The current interpretation is reflected in the Supreme Court decisions in Beacon Theatres v. Westover, "dynamic concept


This clearly chances the historic balance between law and equity.


In Beacon Theatres, Inc. v. leftover, plaintiff--Fox West Coast Theatres, Inc.--sought declaratory relief against Beacon Theatre alleging a controversy under the antitrust laws. Fox operated a movie theatre in San Bernardino, California, exhibiting films under contracts with movie distributors. These agreements granted Fox an exclusive right to show first-run motion pictures in the San Bernardino area, and provided for a “clearance”--a period of time during which no other theatre in the area could exhibit the same pictures. Defendant Beacon constructed a drive-in theatre about 11 miles from San Bernardino, and, according to the complaint, notified Fox that it considered the exclusive distribution contracts to be violative of the antitrust laws.  Fox instituted an action a California federal district seeking a declaration that the agreements were reasonable and did not violate the antitrust laws.


Defendant demanded a jury trial. The district court viewed the issues raised by Fox’s complaint as essentially equitable


Beacon then appealed to the Supreme Court, which reversed and ordered that prior to the trial of any equitable issues by the court, all factual issues raised by the legal aspects of the case must be tried to a jury. The decision represents a dramatic re-evaluation of the right to jury trial in the federal courts.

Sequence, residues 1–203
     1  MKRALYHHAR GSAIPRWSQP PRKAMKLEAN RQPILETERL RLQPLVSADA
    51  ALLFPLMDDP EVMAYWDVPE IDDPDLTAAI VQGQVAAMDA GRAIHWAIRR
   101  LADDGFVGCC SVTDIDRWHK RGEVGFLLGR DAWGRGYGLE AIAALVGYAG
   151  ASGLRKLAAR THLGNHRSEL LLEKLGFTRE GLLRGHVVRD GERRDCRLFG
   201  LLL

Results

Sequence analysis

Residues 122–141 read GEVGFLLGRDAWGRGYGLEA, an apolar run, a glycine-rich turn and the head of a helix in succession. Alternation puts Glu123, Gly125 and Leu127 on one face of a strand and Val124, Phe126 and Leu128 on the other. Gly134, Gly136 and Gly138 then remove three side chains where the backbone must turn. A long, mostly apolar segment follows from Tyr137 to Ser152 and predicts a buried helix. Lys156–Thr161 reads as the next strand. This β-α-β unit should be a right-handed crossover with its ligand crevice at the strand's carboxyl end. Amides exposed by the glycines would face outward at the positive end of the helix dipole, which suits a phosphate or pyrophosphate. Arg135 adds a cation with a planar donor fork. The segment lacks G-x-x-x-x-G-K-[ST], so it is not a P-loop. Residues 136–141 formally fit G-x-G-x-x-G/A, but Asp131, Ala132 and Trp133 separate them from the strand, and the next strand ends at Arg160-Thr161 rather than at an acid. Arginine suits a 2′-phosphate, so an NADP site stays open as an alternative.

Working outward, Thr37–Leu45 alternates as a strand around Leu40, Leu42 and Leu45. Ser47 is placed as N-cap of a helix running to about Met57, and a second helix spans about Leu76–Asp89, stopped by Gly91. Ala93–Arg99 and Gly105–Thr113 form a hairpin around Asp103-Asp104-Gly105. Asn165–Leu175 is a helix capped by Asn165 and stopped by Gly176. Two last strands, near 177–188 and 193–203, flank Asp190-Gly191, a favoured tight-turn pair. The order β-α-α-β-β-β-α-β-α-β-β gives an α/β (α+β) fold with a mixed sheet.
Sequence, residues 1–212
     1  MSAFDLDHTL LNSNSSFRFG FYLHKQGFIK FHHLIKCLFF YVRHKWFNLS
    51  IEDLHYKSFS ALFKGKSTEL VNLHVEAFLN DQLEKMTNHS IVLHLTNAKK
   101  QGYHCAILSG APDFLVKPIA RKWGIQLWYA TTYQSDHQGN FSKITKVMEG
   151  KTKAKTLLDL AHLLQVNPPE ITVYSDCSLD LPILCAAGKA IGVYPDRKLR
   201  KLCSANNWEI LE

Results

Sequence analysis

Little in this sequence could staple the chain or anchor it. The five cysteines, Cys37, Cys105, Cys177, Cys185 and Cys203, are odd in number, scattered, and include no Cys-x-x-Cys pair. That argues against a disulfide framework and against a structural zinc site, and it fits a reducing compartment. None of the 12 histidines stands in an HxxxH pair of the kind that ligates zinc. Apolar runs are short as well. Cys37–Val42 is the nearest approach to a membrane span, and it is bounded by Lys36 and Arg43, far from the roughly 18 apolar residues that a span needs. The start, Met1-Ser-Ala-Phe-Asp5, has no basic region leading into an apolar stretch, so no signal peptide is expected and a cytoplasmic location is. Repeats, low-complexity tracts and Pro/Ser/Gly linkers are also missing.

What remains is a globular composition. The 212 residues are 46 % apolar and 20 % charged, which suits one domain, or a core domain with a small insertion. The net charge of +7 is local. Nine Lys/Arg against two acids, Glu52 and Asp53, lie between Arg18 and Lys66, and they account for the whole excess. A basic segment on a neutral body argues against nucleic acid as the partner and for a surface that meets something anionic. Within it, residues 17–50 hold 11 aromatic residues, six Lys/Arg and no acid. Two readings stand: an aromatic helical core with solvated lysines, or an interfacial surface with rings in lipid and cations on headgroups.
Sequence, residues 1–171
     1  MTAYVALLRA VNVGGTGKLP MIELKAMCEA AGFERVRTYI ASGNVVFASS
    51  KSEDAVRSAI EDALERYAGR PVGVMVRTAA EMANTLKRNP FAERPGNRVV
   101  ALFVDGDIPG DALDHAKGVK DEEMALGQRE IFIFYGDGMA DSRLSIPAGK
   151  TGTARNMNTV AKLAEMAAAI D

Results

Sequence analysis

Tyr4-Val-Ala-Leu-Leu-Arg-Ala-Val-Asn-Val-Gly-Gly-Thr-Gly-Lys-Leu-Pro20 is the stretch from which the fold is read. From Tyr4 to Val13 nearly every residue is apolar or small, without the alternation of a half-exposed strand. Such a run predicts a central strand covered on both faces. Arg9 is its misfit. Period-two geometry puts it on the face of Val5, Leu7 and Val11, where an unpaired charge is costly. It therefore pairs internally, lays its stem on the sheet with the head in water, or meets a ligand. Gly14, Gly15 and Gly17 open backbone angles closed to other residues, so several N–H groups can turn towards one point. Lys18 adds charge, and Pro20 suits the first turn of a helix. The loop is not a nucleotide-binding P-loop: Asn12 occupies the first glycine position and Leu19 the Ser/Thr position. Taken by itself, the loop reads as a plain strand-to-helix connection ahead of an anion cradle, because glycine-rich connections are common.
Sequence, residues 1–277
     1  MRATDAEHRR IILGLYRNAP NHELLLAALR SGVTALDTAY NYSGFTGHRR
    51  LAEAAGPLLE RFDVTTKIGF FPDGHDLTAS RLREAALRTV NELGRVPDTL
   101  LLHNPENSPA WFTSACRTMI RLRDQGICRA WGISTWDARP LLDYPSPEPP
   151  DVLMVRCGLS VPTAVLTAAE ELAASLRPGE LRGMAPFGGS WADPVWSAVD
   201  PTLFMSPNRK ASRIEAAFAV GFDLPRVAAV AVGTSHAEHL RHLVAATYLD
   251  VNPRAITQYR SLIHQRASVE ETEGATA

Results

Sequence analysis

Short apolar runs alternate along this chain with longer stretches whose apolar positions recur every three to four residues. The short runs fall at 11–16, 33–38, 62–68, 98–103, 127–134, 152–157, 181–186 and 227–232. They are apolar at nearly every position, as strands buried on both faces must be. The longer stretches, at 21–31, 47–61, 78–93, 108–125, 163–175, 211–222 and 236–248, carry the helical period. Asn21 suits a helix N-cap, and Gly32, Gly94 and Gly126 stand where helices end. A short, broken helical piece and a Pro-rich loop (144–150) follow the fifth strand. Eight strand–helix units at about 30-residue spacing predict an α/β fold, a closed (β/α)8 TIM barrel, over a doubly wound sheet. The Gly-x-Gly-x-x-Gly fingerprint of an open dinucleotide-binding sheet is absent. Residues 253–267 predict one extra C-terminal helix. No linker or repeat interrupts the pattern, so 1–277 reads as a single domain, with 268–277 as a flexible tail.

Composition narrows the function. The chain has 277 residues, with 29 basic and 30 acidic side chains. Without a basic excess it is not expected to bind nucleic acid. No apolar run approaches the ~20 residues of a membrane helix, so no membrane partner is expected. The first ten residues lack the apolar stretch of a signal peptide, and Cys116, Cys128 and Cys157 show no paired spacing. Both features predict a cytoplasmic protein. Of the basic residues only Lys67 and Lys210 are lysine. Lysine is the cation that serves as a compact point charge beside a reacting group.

[need to include the beginning of this paragraph] Beacon Theatres expressly overruled this interpretation of the Seventh Amendment and held that no test utilizing traditional equity procedure could interfere with the right have a jury determine all the factual issues associated with a legal claim.


The analysis employed by the majority in Beacon focused on the extent to which procedural reforms, embodied in the Federal Rules and in the Declaratory Judgment Act, had shifted the traditional balance between the availability of equitable and legal relief.


The Court found that the Declaratory Judgment Act and the liberal joinder provisions of the Federal Rules offered an adequate remedy of law.


These two principles--(1) that the scope of equitable jurisdiction must be measured in light of the legal remedies and procedures currently available, and (2) that when an issue is common to both lethal and equitable claims in the same proceeding, it must be tried first to a jury--are the backbone of the Bacon Theatres decision.


Beacon Theatres…its philosophy regarding the dynamism of the Seventh Amendment was much more embracive, three years later in Dairy Queen, Inc. v. Wood.


…the language of an action for "debt" or “damages, Justice Black stated: But the constitutional right to trial by jury cannot be made to depend upon the choice of words used in the pleadings.


Accordingly, the Dairy Queen Court made clear that the right to jury trial exists as to any issue that is an element of a claim cognizable at law, even if the claim appears to be less significant than the equitable elements of the case. In addition, a determination of the “legal” nature of an issue must turn on an examination of the range of remedies that have been made available by procedural reforms since the ratification of the Seventh Amendment.


The question remained whether the right to jury trial extended to an action that could not have been brought historically at law, because it required the use of a procedure not recognized by the law Courts.  The Supreme Court answered this question affirmatively in Ross v. Bernhard.